It's a Hobbesian world out there for the sales team charged with selling asset management products. While it's the nature of a successful salesperson to work independently, focused on their own individual goals, they can be taught to work for the common good of the company. In fact, the winning firms will be those that succeed in aligning the interests of the individual external wholesaler with the strategic goals of the entire organization. Of course, there are many factors that go into creating a successful sales organization, but a motivated external wholesaler is certainly one of the most important.

So, what energizes the wholesaler in the field? Compensation is a primary consideration. Recognizing this, firms commonly seek to establish a clearly defined link between income and productivity in the form of sales goals and incentive pay. But money alone may not be enough.

Where things often fall apart is in the process by which sales goals are established, which is often a mystery to all but a handful of executives. Because wholesalers are rarely involved, they too often view the numbers that are produced as arbitrary, unrealistic, or, in the worst cases, oppressive. This impacts the attitude and morale of the sales force, resulting in a situation where the agenda of the wholesaler does not mesh with the agenda of the firm. The external wholesaler will come to internalize his own objectives separate from those of the firm or, worse, view the world as the Greeks did - at the mercy of a capricious god, one who tosses down sales mandates from an Olympus-like perch much as Zeus dispatched his thunderbolts. When it comes to constructing sales goals, the top-down approach most asset management firms rely on raises some serious red flags.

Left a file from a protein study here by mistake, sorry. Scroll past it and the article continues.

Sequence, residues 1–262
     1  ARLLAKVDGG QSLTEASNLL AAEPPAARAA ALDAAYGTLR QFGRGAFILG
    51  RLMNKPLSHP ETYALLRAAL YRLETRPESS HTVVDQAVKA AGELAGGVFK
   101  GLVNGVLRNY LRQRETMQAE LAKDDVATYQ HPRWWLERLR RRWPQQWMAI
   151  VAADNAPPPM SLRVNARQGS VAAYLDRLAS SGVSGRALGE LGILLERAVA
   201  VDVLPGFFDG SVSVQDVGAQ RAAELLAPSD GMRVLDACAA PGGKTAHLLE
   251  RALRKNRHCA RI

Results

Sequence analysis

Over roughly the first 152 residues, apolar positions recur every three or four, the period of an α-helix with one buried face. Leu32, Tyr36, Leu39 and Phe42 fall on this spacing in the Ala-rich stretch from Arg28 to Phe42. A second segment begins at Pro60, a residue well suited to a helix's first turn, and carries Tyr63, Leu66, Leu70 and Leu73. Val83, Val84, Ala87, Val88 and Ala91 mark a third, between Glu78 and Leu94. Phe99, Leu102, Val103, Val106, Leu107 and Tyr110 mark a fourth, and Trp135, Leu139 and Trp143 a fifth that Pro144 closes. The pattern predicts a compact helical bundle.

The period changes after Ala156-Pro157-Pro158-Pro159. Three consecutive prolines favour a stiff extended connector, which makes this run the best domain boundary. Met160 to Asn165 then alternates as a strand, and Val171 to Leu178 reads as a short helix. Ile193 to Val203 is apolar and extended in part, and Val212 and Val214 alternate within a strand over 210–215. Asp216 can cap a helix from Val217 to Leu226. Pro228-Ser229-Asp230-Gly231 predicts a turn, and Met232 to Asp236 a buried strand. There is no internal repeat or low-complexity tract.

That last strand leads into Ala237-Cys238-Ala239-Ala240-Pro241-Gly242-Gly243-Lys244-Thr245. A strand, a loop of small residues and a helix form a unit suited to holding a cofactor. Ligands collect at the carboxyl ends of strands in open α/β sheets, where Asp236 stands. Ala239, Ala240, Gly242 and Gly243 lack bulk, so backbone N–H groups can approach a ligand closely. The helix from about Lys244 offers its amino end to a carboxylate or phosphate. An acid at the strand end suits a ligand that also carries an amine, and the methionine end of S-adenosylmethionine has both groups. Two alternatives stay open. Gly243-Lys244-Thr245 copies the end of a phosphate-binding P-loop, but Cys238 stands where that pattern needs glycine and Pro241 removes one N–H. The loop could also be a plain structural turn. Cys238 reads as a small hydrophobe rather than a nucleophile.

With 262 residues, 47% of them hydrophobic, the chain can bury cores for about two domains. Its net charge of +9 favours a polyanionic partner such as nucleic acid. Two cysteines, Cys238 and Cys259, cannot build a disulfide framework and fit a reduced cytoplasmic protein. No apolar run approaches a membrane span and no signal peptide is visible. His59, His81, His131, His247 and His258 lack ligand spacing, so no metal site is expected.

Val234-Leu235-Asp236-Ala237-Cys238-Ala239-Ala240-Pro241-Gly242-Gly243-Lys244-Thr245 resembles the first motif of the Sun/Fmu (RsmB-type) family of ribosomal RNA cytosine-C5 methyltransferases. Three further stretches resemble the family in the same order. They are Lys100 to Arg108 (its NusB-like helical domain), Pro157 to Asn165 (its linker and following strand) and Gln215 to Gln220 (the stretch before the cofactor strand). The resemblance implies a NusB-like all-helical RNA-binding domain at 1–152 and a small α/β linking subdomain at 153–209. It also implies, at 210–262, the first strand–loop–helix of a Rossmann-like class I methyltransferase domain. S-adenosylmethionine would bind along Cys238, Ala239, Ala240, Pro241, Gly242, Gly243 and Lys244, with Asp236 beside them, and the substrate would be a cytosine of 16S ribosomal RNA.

Science versus Art

While there is a veneer of a scientific rigor to the goal-setting process, the end result for most firms is a number that is an artful, if educated, guess. It is based on a range of factors, including a review of market share data, an analysis of past performance, and an often optimistic projection for growth. This number is then divided among the sales channels and promulgated out to the individual territories. It is largely a one-way trip.

This is unfortunate. In practice, many of the factors that most directly impact sales are beyond the control of the distribution organization. These include product and portfolio manager performance, the breadth and sophistication of the product line, shelf space and the market itself. The wholesaler - who is closest to the customer, and who could add valuable insight into the demand side of the equation - is only rarely consulted, and at many firms isn't involved at all. By not providing a mechanism to include input from the wholesaler, management makes it more difficult to get the kind of "buy in" from the field needed to make the sales program a success.

There are two simple steps firms can take to address this issue. First, the current top-down approach should be augmented by input from the field. In short: Ask the wholesaler. Is 10% sales growth an achievable goal? Is it too high, or too low?

With a bottom-up approach, goals are set for the territory, tallied across channels and delivered up the organization to senior management, who can use the information to confirm (or as a reason to re-think) their own estimates.

Naturally, with compensation based on the wholesaler meeting or exceeding certain targets, management will be rightly suspicious of an inclination to set the bar too low. But bear in mind that the wholesaler's input is only one element that goes into the calculation; senior management still has the last word.

A second, and related, step is to commit to revising annual sales goals during the year. Targets set in January may already be unreachable or in the bank by March. A poor start can leave the wholesaler swimming upstream for the rest of the year, leading to a sense of futility and further erosion in performance. On the other hand, a blowout quarter can allow a wholesaler to make a full year's numbers in a just a few months, again potentially undermining interest in selling. Both issues can be easily resolved by readjusting the targets quarterly.

Clearly, a more integrated approach is needed to setting sales goals across the organization. By involving those in the field in the process and proactively managing goals based on intermediate results, asset managers can ensure that sales targets get everyone on the same page and serve as a source of true motivation for wholesalers. At the end of the day, that's good for everyone.

(c) 2005 Money Management Executive and SourceMedia, Inc. All Rights Reserved.

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